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Publication numberUS5742370 A
Publication typeGrant
Application numberUS 08/806,831
Publication dateApr 21, 1998
Filing dateFeb 26, 1997
Priority dateSep 12, 1996
Fee statusLapsed
Publication number08806831, 806831, US 5742370 A, US 5742370A, US-A-5742370, US5742370 A, US5742370A
InventorsChung Yup Kim, Young Chul Kim, Dong Young Kim, Hyun Nam Cho, Jun Young Lee
Original AssigneeKorea Institute Of Science And Technology
Export CitationBiBTeX, EndNote, RefMan
External Links: USPTO, USPTO Assignment, Espacenet
Fabrication method for liquid crystal alignment layer by magnetic field treatment
US 5742370 A
Abstract
A fabrication method for a liquid crystal alignment layer which has an excellent liquid crystal orientation efficiency and stability, and which can be mass-produced includes coating a thermoplastic polymer film on a transparent electrode to have a thickness of not less than 500⊥, fabricating a temporary cell with a structure of transparent electrode (ITO glass) / polymer film / liquid crystal / polymer film / transparent electrode (ITO glass) by attaching two transparent electrodes having polymer films coated thereon and infusing liquid crystal, fabricating a stack with a structure of transparent electrode (ITO glass)/polymer film /liquid crystal by contacting liquid crystal on the polymer film, heating the temporary cell or the stack at lower than phase separation temperature of a blend of liquid crystal and the polymer film, while applying a magnetic field exceeding 0.2 tesla, and cooling the temporary cell or the stack in the magnetic field at a cooling rate of not more than 100 C. per minute.
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Claims(2)
What is claimed is:
1. A fabrication method for a liquid crystal alignment layer, comprising;
coating a polymer film on a transparent electrode to have a thickness of not less than 500 Å;
fabricating a temporary cell with a structure of transparent electrode (ITO glass) / polymer film / liquid crystal / polymer film / transparent electrode (ITO glass) by attaching two transparent electrodes having a polymer film coated thereon and infusing a liquid crystal therebetween, or fabricating a stack with a structure of transparent electrode (ITO glass) /polymer film / liquid crystal by contacting liquid crystal on the polymer film;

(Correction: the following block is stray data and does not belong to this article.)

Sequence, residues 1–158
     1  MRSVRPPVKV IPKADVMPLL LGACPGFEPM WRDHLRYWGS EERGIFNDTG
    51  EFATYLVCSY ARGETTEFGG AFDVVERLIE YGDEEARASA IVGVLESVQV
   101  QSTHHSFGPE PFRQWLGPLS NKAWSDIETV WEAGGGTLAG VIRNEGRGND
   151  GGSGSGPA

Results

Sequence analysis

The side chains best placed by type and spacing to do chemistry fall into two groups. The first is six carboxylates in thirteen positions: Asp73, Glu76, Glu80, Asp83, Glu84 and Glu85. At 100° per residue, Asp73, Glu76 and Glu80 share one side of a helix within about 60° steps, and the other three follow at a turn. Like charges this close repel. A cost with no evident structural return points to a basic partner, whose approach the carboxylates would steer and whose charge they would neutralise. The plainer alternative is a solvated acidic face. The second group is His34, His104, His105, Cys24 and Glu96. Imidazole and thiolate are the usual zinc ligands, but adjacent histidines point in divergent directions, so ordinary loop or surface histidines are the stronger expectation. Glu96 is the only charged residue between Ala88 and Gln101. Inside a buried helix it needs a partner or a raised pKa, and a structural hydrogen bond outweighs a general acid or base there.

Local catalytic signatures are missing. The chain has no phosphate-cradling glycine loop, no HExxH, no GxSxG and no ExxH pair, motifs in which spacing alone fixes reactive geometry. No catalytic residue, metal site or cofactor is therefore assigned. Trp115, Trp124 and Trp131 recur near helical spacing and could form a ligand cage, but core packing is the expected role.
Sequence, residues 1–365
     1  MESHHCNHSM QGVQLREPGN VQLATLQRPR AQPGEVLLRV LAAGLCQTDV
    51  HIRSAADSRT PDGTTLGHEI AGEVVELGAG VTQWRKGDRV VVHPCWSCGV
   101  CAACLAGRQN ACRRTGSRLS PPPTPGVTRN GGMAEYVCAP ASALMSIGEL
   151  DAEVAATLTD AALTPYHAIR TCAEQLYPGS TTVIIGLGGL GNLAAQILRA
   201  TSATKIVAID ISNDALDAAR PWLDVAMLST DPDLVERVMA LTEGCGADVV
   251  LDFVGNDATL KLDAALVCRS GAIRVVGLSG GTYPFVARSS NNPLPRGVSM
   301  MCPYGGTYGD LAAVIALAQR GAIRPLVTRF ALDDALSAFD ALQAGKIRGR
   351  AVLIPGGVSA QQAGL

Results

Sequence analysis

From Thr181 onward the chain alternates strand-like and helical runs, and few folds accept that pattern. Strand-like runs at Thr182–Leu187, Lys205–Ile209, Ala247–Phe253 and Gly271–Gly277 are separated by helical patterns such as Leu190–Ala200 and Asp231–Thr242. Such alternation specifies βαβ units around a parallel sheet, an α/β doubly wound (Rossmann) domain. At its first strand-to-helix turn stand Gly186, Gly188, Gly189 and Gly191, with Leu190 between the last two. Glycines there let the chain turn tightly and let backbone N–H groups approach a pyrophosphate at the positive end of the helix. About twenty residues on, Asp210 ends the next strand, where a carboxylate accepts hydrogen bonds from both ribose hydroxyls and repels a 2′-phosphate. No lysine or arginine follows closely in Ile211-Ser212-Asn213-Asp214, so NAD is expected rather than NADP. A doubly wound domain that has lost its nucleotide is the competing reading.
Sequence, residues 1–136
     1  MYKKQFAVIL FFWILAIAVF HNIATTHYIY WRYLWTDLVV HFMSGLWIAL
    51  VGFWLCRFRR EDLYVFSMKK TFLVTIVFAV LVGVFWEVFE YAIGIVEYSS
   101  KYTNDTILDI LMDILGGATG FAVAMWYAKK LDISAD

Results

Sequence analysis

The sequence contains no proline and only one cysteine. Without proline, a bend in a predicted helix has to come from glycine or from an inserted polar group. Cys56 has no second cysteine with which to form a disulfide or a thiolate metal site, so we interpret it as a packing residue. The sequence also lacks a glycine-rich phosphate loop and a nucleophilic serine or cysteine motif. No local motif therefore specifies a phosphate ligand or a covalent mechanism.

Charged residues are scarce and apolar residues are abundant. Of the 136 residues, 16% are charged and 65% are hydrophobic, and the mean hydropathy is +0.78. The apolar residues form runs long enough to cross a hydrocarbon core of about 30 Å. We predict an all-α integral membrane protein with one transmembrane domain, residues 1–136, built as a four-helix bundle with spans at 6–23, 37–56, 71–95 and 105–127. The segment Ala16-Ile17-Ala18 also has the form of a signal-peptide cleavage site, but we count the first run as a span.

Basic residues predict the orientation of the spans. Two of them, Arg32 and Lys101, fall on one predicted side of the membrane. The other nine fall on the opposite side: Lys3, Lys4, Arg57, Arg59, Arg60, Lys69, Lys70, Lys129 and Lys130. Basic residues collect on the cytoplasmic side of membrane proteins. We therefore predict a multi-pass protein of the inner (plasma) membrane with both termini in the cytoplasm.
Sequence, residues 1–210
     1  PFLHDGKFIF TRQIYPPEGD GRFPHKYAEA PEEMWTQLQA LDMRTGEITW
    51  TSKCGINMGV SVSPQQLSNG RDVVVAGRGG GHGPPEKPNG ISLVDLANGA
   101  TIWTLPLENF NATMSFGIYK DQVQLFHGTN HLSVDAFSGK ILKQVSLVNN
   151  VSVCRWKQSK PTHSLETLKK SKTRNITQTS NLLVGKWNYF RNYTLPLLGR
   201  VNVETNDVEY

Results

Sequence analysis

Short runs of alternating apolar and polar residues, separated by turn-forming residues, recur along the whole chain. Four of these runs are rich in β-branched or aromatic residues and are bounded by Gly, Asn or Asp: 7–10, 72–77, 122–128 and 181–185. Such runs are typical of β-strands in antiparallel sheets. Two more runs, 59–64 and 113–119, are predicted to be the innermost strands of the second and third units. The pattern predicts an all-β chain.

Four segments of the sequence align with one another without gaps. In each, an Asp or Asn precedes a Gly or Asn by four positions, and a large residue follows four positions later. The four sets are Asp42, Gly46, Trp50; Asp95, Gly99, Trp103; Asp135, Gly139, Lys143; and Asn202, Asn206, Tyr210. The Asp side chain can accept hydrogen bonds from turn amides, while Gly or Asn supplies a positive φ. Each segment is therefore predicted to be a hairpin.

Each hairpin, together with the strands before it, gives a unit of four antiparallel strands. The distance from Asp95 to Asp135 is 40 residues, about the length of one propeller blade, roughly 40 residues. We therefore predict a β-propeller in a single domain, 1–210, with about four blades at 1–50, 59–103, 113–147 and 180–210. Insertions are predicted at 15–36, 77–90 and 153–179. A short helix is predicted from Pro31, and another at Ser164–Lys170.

heating the temporary cell or the stack at lower than phase separation temperature of a blend of liquid crystal and the polymer film while applying a magnetic field stronger than 0.2 tesla; and
cooling the temporary cell or the stack in the magnetic field at a cooling rate of not more than 100 C. per minute.
2. The method of claim 1, wherein polyvinylformal, polyvinylbutylal, acrylic polymers, polystyrene, styrene-acrylonitrile copolymer (SAN), poly(ethylene terephthalate), polycarbonate, amorphous nylon or silicon polymer is used as the thermoplastic polymer.
Description
BACKGROUND OF THE INVENTION

1. Field of the Invention

The present invention relates to a fabrication method for a liquid crystal alignment layer which is a polymer film used for aligning liquid crystal in a certain direction, and more particularly, to a method for forming a liquid crystal alignment layer by giving an anisotropy to the polymer film surface at a liquid crystal-polymer interface, by using a magnetic field.

2. Description of the Prior Art

A twisted nematic, supertwisted nematic or ferroelectric liquid crystal display (hereinafter, called TN-LCD, STN-LCD, and FLCD, respectively) presently being fabricated for commercial purposes have a configuration of a sandwich cell in which liquid crystal is filled between two transparent electrodes (ITO glass), and uses the characteristic that a light transmittance is varied on passing through polarizer films attached at both sides of a cell when an orientation direction of liquid crystal molecules changes in accordance with an application of an electric field. Here, the role of a liquid crystal alignment layer is to align liquid crystal molecules in a predetermined direction on the alignment layer when an electric field is not applied and to maximize a contrast ratio of a light transmittance when an electric field is applied. The polymer used commercially is polyimide (hereinafter, called PI).

A general formation process of a PI liquid crystal alignment layer will now be described.

A solution in which a polyimide precursor is dissolved is applied on ITO glass, and cured for fifteen minutes at temperature of 80 C. Then, a post-curing is carried out for sixty minutes at a temperature of 170250 C. (reference to technical data sheet of Nissan SE-series alignment coatings for LCDs). Therefore, much energy and time is consumed in this process. Further, the alignment layer can achieve an ability of aligning liquid crystal through a process of a mechanical rubbing or buffing by a rotating drum on which cloth made of nylon or cotton is wound after the curing process of the precursor. During the rubbing (or buffing) process, the ITO electrode patterned in a micronized shape or a thin film transistor layer of an active matrix LCD is occasionally destroyed by static charge accumulated on the surface of the alignment layer, which increases a malfunction rate of a completed display panel fabricated.